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The Single String Approach?
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Slabbefusk



Joined: 01 Jul 2006
Posts: 7
Location: Sweden

PostPosted: Sun Jun 24, 2007 2:43 pm    Post subject: The Single String Approach? Reply with quote

Hello,

I'm interested in learning the single string approach that Henderson uses when he plays. Where you picture each string like a row of tangents on a piano. I feel that I'm not getting anywhere with just learning every scale and memorizing them, it doesn't feel like playing music just like I'm following some sort of roadmap and not actually playing the stuff (notes) I would like to hear in my head.

Everytime I listen to a song or some backing track I instantly get cool ideas in my head but I can't get it out through my fingers. I'm sure alot of people feel that way too and I don't seem to be getting any closer to actually getting them out.

So where do I start? Just take a simple backing and play over it on one string trying to really focus on what interval I'm on and such?

Any help is appreciated!

Embarassed
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pas77



Joined: 18 May 2007
Posts: 8

PostPosted: Wed Jun 27, 2007 4:18 am    Post subject: Re: The Single String Approach? Reply with quote

Slabbefusk wrote:
Everytime I listen to a song or some backing track I instantly get cool ideas in my head but I can't get it out through my fingers. I'm sure alot of people feel that way too and I don't seem to be getting any closer to actually getting them out.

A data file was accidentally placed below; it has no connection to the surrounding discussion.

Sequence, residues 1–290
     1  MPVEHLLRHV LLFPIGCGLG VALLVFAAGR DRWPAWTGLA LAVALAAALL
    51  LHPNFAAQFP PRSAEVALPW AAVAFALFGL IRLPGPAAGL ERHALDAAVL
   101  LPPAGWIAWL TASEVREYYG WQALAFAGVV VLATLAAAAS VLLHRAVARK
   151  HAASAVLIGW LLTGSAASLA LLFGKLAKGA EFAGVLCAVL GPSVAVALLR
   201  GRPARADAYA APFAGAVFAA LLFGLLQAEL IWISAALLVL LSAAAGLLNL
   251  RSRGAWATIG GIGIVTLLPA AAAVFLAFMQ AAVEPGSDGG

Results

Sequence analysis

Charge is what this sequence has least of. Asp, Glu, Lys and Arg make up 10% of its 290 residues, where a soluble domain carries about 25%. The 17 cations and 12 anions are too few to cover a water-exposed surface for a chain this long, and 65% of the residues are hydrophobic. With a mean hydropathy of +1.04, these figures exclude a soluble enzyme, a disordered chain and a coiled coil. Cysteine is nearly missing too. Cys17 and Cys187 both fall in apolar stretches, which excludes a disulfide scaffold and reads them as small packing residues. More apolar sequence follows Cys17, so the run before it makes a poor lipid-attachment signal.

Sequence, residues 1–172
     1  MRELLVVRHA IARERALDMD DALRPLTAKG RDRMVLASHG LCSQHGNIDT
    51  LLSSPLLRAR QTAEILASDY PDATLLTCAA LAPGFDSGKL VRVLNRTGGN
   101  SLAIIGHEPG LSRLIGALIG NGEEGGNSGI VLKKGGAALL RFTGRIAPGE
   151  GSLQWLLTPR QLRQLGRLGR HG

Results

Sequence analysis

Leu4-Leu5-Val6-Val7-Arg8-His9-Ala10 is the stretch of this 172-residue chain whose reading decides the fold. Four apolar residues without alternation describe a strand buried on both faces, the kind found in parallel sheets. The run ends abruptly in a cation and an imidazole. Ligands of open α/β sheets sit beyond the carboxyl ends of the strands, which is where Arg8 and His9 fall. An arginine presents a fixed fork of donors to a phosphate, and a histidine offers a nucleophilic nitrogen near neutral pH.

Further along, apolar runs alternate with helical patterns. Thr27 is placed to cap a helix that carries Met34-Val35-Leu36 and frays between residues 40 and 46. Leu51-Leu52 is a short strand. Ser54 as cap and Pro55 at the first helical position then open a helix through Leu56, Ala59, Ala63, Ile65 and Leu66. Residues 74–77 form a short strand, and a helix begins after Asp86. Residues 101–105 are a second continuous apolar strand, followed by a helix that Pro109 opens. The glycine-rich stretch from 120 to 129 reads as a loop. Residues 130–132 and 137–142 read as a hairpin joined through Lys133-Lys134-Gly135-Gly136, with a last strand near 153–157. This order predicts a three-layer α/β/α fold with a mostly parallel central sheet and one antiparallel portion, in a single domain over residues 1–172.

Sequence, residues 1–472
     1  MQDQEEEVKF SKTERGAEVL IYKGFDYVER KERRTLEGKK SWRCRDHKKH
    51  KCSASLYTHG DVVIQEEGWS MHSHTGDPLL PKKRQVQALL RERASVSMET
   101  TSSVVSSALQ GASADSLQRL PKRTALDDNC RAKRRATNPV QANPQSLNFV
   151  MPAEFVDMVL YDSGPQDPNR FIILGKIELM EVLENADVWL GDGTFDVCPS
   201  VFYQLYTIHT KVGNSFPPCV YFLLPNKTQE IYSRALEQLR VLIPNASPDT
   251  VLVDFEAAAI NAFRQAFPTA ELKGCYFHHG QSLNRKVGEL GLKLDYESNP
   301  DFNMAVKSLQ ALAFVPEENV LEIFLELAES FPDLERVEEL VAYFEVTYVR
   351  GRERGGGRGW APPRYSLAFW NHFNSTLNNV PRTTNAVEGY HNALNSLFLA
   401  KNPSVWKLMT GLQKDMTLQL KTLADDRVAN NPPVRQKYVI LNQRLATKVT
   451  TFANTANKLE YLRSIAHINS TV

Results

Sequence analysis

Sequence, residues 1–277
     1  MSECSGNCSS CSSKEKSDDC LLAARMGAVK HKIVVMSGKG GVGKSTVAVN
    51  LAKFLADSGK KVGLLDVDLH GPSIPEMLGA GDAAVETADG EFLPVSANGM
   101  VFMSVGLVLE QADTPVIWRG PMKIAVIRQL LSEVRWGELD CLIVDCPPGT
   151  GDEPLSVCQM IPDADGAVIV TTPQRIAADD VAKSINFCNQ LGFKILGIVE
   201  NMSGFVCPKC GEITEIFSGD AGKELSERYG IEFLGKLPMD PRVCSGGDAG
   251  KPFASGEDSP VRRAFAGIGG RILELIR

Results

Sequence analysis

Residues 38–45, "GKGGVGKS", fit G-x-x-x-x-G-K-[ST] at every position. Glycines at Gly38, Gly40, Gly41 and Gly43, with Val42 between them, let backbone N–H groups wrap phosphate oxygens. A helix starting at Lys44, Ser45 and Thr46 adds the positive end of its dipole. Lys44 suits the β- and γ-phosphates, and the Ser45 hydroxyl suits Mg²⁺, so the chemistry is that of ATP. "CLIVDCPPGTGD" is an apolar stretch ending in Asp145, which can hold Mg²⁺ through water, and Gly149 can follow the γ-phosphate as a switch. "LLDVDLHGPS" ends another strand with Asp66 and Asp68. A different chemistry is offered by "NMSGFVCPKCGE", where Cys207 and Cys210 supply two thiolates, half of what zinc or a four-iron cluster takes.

dont worry if you cant get it out yet, it'll take time, whenever you think of something cool, try to repeat it again2 and again in your head and then slow it down (still in your head) while you're "looking" for the notes in the fretboard, the important one is obviously the starting note, once you got that note work your way through your idea slowly, also try to sing your idea while you're looking for those notes, it'll help......just keep doing it and soon it'll take less and less time.....unfortunately there's no shortcut, and just like everything else, what you put in is what you get

another good way to practice is to play a backing track, and instead of improvise randomly....(try to navigate the chords...the appregio...the scales and such).....try to sing what you want to play....so for example, play your backing track and sing (either in your head or sing out loud) the solo as you hear it in your head and memorize it, now to memorize the whole 32 bar would be troublesome, so break it apart, say, only play the backing track for the first 4 bar or so, and try to improvise in your head and memorize it (dont play your guitar yet), once you've done that then transpose from your head to your fretboard......if it doesnt sounds good with the backing track....well....it may due to the chords, and you're not use to it, so while keeping with the same ideas you've transposed to your fret, try to move the starting note, "what if it starts on the third of the chord instead of 1?" etc etc, modify that ideas untill it fits in the chord progression.....and just keep doing that

i dont think playing in one string will do anything to get those ideas out of your head to your finger

also dont abandon those scales practice......it'll help you develop ideas
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Budda



Joined: 30 Jul 2006
Posts: 27
Location: N Little Rock, AR

PostPosted: Wed Jul 25, 2007 4:12 am    Post subject: Reply with quote

Try recording a simple chord progression to practice over. Record about 5 minutes of it.

Start on any single string, and play 1 note over every chord in the progression. Start at the nut, or lowest pitch of the string, that has a chord tone. Work your way to the top of the fretboard, and then work your way back down.

EX. Over this progression Em7 Am7 D7 GM7

I'll "play" this all on the skinny E string.

Chord tones:

Em7 = E G B D

Am7 = A C E G

D7 = D F# A C